Musicians succeed on appeal, reversing summary judgment in complex contract dispute
September 10, 2018
In a significant opinion at the intersection of labor law and the interpretation of collective-bargaining agreements, the United States Court of Appeals for Ninth Circuit reversed a district court ruling granting summary judgment to Paramount Pictures Corporation on a claim filed by the American Federation of Musicians (“AFM”). American Federation of Musicians of the United States and Canada v. Paramount Pictures Corp., 903 F.3d 968 (9th Cir. 2018).
The AFM sued Paramount for breach of the parties’ collective-bargaining agreement after the score for the 2017 motion picture Same Kind of Different as Me was produced by non-AFM represented musicians in Bratislava, Slovakia. The AFM contended that Paramount breached a provision of the CBA that required films to be scored in the United States or Canada whenever a signatory producer produces a film in the United States or Canada. The district court granted summary judgment to Paramount after finding that Paramount did not employ the cast, crew, or musicians hired to make the film.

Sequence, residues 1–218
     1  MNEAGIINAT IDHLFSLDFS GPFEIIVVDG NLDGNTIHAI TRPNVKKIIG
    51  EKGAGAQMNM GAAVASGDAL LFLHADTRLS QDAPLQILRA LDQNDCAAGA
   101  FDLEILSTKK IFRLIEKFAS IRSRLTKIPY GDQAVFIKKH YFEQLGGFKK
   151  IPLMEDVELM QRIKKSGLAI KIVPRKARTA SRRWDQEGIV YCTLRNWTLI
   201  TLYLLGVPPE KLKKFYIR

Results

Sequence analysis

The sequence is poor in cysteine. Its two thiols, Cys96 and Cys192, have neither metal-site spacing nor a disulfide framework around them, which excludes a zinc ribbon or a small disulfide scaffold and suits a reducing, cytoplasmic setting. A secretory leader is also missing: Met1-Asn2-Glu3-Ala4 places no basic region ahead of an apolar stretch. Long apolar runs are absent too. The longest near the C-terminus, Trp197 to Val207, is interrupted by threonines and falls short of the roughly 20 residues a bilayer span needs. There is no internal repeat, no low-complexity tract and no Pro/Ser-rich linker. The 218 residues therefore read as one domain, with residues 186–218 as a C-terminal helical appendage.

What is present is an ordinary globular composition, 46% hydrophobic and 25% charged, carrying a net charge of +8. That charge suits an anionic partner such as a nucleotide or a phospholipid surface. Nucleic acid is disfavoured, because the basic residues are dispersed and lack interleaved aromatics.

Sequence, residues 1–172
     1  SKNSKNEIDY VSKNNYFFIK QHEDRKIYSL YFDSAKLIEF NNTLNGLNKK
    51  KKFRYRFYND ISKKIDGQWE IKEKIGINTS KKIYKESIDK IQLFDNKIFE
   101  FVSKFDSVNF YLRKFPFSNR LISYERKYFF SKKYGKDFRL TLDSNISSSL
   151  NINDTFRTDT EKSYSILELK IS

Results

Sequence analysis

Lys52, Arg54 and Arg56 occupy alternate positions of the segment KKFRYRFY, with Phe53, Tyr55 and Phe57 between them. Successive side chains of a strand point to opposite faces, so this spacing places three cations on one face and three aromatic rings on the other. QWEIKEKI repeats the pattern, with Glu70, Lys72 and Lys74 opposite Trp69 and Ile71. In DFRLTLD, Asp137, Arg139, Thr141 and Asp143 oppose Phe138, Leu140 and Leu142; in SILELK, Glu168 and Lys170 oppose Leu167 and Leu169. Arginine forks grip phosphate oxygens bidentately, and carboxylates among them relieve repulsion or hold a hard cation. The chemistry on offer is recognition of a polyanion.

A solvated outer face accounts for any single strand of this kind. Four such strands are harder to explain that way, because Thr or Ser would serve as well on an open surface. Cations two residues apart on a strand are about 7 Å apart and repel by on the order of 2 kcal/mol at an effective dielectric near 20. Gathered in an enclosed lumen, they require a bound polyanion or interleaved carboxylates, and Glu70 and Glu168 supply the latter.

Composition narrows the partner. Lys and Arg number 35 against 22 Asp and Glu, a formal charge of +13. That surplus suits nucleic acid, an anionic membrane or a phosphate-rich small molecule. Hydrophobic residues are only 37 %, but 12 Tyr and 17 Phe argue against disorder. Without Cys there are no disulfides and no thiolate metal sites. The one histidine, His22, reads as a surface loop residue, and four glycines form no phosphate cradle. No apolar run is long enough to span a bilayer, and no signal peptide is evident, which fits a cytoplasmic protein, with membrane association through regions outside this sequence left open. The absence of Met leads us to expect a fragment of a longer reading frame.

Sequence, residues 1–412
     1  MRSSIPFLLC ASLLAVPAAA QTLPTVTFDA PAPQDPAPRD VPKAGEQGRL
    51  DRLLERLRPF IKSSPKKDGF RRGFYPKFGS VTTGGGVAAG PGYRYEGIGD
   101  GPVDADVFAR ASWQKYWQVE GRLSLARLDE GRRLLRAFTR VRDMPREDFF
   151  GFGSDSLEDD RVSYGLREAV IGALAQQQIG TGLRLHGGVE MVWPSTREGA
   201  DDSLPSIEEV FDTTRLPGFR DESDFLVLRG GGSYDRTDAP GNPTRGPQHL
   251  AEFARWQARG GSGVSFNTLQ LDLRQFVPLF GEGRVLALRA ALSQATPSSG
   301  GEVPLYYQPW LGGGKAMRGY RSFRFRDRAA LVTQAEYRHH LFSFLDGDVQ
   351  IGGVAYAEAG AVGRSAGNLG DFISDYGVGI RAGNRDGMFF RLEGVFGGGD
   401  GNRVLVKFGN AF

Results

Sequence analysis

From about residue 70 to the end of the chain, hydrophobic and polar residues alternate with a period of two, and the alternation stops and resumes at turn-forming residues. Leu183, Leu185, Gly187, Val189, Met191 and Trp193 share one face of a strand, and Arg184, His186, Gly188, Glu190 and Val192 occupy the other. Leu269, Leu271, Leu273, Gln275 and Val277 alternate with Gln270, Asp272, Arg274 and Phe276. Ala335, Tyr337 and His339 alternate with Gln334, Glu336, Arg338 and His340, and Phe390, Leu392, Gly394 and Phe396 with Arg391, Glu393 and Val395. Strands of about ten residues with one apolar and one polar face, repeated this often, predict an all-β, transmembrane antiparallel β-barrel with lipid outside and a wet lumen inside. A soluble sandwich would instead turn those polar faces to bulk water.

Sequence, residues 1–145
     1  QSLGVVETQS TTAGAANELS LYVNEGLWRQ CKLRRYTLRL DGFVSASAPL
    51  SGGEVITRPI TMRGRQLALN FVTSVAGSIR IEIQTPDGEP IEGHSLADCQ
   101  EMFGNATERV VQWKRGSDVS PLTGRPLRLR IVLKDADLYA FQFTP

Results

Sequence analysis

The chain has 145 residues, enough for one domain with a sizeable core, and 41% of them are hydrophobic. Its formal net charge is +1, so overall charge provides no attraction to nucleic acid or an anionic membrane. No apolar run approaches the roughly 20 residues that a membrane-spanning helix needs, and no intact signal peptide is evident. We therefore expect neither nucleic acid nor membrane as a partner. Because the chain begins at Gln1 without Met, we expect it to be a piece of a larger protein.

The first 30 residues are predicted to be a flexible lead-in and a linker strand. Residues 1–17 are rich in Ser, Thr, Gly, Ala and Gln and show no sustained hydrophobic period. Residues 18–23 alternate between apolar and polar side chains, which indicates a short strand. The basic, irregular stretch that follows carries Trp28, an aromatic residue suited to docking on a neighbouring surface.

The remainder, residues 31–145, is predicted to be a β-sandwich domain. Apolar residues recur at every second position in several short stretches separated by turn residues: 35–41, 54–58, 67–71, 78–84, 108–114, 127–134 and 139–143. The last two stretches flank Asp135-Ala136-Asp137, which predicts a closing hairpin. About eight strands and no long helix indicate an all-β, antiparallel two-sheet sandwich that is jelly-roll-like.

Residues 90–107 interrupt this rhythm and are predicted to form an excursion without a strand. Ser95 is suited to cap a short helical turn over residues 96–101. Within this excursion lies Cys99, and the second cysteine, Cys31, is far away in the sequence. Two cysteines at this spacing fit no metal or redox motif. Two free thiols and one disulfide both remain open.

On appeal, the Ninth Circuit disagreed with the district court’s reading of the CBA and held that producers were required to score films in the United States or Canada when a signatory studio produced a motion picture and had authority over the hiring and employment of scoring musicians. The court held that the employment of the cast and crew was irrelevant to this inquiry. The Ninth Circuit also rejected Paramount’s affirmative defense that AFM’s efforts to enforce the CBA violated the National Labor Relations Act’s “hot cargo” provision, which prohibits an employer from entering into an agreement to cease or refrain from dealing in the products of another employer or to cease doing business with any other person. The court held that the CBA provision could be found to be a valid work-preservation provision in light of disputed evidence of Paramount’s authority to hire and control the employment of musicians on the film. Finally, the Ninth Circuit held that the district court abused its discretion in excluding two key pieces of evidence from the summary judgment record.
Bredhoff & Kaiser represented the AFM before the court of appeals and the district court.